“If a community says ‘we don’t have a strategic plan’, then industry should assist and connect the community with the various government programmes available to support this,” she said.
First Nations can also find support and advice from other aboriginal communities that have established their own strategies and resources plans.
In this regard, the Wahnapitae First Nation near Capreol, northern Ontario, has worked closely with other aboriginal bands, sharing the technique of how to develop a clear, consistent and flexible resource strategy.
“One of our responsibilities is assisting other First Nation communities who don’t have that capacity,” Wahnapitae director of sustainable development Peter Recollet told Mining Weekly Online.
“We give them the template that works for us and fits our needs. Another community can adapt it to fit their requirements,” he added.
SEAL THE DEAL
The Wahnapitae have interacted with both majors and juniors within their territory. “We work with Glencore, Vale and KGHM. Then we have agreements with some junior exploration companies, for example, Wallbridge Mining and Mohawk Garnet,” Recollet said.
The band was spurred into developing their strategy following acid discharge from a waste pile that polluted the local water system in 1999.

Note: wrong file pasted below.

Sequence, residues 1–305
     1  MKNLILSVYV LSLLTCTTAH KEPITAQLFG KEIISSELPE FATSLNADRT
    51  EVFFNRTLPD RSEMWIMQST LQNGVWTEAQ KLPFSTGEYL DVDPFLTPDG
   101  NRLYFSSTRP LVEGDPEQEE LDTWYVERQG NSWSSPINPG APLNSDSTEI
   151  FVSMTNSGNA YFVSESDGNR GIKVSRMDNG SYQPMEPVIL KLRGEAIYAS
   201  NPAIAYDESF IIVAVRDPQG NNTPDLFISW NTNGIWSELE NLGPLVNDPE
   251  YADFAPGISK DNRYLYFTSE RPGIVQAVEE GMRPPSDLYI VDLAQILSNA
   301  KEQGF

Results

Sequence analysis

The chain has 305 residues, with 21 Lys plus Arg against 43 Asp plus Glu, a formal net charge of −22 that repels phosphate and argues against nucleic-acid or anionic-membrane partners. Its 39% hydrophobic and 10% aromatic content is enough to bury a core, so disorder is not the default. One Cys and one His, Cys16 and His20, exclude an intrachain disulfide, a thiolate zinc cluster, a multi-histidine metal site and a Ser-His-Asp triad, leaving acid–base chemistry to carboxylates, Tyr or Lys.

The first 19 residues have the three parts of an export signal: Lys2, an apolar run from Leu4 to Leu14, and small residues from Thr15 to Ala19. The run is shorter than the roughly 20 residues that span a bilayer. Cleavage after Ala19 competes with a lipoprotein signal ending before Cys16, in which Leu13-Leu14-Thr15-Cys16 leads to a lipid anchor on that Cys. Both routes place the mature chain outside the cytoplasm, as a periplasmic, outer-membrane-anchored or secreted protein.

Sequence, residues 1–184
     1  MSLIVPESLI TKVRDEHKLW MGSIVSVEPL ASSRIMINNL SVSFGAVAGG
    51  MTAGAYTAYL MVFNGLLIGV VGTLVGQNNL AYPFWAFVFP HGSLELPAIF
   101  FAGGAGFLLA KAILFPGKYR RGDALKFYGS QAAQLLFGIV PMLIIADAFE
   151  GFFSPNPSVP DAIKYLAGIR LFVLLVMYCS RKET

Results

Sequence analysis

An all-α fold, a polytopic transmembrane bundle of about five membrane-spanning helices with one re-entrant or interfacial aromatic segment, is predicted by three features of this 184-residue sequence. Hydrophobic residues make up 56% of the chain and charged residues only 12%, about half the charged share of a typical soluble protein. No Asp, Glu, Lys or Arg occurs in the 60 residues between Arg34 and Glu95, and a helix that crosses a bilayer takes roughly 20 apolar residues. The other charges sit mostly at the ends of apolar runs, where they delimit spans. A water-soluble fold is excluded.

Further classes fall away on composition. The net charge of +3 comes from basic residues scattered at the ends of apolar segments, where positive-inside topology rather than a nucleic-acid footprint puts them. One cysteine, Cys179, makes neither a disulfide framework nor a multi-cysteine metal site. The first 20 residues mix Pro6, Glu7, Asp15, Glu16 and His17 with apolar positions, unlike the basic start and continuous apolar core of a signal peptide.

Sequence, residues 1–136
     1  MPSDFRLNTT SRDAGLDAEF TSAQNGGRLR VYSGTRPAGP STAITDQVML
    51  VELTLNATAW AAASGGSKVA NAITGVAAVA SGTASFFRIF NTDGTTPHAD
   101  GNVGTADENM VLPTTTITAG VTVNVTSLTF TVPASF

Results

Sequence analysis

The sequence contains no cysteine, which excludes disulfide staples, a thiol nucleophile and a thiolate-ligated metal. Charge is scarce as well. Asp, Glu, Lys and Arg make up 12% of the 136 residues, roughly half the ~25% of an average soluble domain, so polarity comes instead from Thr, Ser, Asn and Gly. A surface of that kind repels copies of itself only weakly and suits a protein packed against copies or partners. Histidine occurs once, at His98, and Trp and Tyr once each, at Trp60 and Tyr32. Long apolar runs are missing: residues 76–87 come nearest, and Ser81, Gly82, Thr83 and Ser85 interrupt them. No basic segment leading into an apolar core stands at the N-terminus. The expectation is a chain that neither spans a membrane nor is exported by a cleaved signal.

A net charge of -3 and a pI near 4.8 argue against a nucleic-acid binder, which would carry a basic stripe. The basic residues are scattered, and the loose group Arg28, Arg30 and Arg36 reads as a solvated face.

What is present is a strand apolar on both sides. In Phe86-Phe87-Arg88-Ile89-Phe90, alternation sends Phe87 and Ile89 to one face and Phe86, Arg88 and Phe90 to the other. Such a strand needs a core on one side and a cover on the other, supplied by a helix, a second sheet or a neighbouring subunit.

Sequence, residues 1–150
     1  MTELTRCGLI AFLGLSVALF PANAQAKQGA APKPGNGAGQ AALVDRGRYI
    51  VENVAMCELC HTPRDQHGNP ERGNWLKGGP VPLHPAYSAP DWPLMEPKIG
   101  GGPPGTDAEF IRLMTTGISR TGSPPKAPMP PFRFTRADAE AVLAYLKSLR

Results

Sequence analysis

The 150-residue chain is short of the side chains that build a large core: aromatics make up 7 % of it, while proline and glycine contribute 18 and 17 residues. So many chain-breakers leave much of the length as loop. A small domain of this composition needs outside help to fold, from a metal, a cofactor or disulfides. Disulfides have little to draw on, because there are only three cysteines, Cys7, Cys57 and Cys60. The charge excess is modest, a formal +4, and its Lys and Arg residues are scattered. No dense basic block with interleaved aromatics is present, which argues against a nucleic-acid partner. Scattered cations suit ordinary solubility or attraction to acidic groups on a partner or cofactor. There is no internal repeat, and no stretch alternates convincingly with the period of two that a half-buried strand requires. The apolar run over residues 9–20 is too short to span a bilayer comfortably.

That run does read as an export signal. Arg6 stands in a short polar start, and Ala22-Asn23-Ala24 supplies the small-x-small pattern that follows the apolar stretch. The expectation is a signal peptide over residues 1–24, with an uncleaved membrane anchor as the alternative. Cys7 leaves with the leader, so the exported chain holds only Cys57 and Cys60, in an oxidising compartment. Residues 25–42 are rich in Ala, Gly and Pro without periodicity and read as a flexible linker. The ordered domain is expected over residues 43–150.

“That was a huge eye-opener for the Wahnapitae and led us to asserting our jurisdictional rights in our traditional territories,” Recollet said. “In turn, we created our resource development policy.”
“Our community started by asking itself: ‘should we be involved in mining? If so, then how so? If not, then why not?’ This was followed by a lot of community information sessions that led to a community survey on the mineral industry.”
“Once we had a validation from the community, we developed a mineral industry strategy based on community input from the survey,” he said. “From there, once we had our draft strategy in place, we went back to our members and said: ‘have we heard you? Are we on track?’ So there was another validation required.”
“We’ve gone through many versions since, updating and evolving the policy as our capacity grows,” he added. “We’ve successfully demonstrated this [model] in our relationships with Glencore, KGHM and Vale, [while our] resource development policy is still being monitored by the community.”
Central to the Wahnapitae’s success has been the formation of a specialist team of community members and comprising an anthropologist, biologist, botanist, geologist and various legal experts.
“We have a well-rounded internal team that is able to respond to the area’s numerous mining activities,” Recollet said, adding that a community scholarship programme continues to produce successful graduates who go on to work in the wider industry.
Overall, there is still much work to be done, although both Recollet and Spence are optimistic about the future of First Nation resource strategies. “But we’ve a long way to go,” Spence said. “Still, don’t forget that we’ve come a long way too.”